This category includes practically everything else, from where babies sleep to what they eat and what containers they eat it from (well, soda out of baby bottles is Cat. 1, but I certainly don’t think there’s an objective right answer about breastmilk vs. formula, which is what folks fight about) to what kind of diapers they poop in, whether their giant robots transport them in carriers or strollers, what is or isn’t done to the ends of their penises, if penises they have, what solid food they eat and when, and even, though this one is teetering on the edge of being Cat. 1, whether their parents see fit to put sex-identifying lacy garters around their newborn heads.

I don’t mean to say that I don’t have opinions on Cat. 2 items, just that I’m unwilling to say that my opinions about them are the opinions everyone should hold or — and this is important! — that those opinions are so fact-based that I would think the same thing even if we were in a different situation or had a different baby.  Breastfeeding was important to me and I’m grateful that Big Pharma has made it possible for me to do it without agony, but if that weren’t the case, I am certain it would have been better for the Bean to be exclusively formula fed (instead of the mixed baby he is, like his Mama) than for him to live with my being in angry pain all the time.  He isn’t circumcised, but if Sugar or I had had what my father calls a contract with God about that, he would have been.  I was dead-certain BFF was cruel to let her baby cry at nap time until the universe sent me a baby who couldn’t nap without a good cry.

I think sleep is important, but I don’t think sleep training is important in its own right.  Pom, you are off the hook.  You, too, Frankiesoup, even though I think your metaphor is flawed.  (Here’s why.)  The fact that you’re even making metaphors suggests to me that you are functioning better without sleep training than I ever did, so keep on keeping on. Nor do I believe sleep training confers any long-term sleep advantage: I think it may (when it works) lead to more more sleep in the near-term, but I believe adult sleep patterns have nothing to do with babyhood ones, except inasmuch as both are affected by genetics and disposition and the benevolence or not of what gods may be.  That’s a belief, not a certainty, but as I’ve yet to see any evidence from those who believe the opposite, I’m sticking with it.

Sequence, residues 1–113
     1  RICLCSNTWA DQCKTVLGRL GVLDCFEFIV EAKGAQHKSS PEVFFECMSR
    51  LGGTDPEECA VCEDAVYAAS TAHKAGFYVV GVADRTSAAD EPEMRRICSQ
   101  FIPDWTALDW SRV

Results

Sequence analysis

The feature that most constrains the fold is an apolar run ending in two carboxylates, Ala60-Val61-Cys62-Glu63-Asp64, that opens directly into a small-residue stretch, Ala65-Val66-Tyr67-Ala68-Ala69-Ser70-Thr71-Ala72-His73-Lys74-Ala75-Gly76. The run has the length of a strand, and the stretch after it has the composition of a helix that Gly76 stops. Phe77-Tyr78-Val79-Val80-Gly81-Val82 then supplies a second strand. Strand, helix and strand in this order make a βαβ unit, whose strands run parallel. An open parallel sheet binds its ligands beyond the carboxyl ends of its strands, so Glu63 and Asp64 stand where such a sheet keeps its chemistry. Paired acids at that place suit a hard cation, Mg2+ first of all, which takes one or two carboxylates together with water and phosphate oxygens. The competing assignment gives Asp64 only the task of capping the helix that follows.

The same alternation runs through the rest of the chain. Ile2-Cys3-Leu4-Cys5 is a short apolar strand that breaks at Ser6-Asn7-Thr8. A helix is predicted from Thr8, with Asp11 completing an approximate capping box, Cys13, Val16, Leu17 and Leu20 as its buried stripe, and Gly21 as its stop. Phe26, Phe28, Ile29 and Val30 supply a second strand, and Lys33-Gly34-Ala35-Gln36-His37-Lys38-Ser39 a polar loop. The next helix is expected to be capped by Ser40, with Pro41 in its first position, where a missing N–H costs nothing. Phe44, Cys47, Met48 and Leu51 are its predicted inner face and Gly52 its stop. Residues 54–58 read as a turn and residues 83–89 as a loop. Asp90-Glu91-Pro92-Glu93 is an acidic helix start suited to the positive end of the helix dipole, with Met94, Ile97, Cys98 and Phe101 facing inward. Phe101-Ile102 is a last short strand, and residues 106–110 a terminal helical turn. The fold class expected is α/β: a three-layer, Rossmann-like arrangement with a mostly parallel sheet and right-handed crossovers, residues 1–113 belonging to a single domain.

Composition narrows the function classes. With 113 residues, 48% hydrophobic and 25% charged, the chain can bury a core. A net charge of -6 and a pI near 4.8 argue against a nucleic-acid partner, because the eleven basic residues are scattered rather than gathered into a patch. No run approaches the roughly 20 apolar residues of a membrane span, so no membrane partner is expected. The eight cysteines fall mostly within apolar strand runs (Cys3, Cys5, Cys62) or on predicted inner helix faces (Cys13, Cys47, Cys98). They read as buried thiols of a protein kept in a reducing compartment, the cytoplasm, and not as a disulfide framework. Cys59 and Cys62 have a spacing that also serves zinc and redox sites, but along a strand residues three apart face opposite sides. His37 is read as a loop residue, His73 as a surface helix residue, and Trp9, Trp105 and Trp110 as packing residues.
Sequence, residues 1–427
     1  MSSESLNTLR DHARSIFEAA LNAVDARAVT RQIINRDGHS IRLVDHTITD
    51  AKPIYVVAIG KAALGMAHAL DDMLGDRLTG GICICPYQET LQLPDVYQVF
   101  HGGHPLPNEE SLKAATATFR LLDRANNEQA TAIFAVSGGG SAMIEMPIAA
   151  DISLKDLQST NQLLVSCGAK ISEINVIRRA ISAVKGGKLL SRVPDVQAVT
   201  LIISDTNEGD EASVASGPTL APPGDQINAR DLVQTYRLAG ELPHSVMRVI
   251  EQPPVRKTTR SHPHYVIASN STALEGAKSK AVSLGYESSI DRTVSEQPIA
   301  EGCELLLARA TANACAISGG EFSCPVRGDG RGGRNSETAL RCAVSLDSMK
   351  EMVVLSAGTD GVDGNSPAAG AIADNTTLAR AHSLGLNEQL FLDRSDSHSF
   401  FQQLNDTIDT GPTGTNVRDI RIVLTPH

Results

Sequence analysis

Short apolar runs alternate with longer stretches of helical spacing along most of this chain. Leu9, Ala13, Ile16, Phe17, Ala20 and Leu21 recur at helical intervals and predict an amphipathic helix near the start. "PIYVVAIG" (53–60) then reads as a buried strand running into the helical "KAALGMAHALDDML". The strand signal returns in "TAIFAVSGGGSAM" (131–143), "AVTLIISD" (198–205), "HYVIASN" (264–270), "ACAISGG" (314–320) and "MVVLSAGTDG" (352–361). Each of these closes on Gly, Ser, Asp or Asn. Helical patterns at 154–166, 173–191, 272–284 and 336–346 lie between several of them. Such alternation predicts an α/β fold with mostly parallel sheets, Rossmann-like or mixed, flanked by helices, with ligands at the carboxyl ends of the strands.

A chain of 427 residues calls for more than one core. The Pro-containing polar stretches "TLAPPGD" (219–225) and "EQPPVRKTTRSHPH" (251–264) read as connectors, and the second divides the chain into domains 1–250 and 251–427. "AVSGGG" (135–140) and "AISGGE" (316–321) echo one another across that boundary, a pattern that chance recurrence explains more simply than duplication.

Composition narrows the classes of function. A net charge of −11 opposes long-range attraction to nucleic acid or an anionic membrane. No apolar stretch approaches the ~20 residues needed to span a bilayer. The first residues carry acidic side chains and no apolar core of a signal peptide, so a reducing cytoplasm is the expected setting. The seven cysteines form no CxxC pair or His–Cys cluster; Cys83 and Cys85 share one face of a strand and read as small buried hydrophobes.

Not off the hook with me are those people who feel it’s their ever-lovin’ duty to not just give real advice, offer reassurances, or personal examples but to tell other parents what they “ought,” “must,” or “should” do, in particular those who follow up with “for the sake of the baby!”  There are plenty of things we should do for the sake of our babies — not maintain meth labs in the basement, for instance, or bungee their carseats to the Harley for anything beyond a quick trip to the OTB — so perhaps we could all save the bossier modal verbs for moments of real need.

The thing I find most grating about Dr. Sears’s “adjust your attitude” remark is how it echos the petty tyranny of the most condescending middle school teachers, those little Umbrages I remember taunting nasally, “you need to adjust your attitude, missy.”  I’ve spent a fair bit of time with students that age.  They can be pretty annoying, but what they “need” to adjust, in my opinion, is usually behavior.  Their attitudes belong to them, and to suggest otherwise is a belittling attempt to shame them, which is about power, not about teaching.

Shame is the elephant of the post title.  Like an elephant, shame can be useful in limited amounts: elephants built the ancient temples of India, and shame at lying to my father about how that piece of tile got broken taught me there are worse things than the fear of punishment.  But like an elephant, shame makes a lousy roommate.  Both can be impressively destructive and tend to fill the place with shit.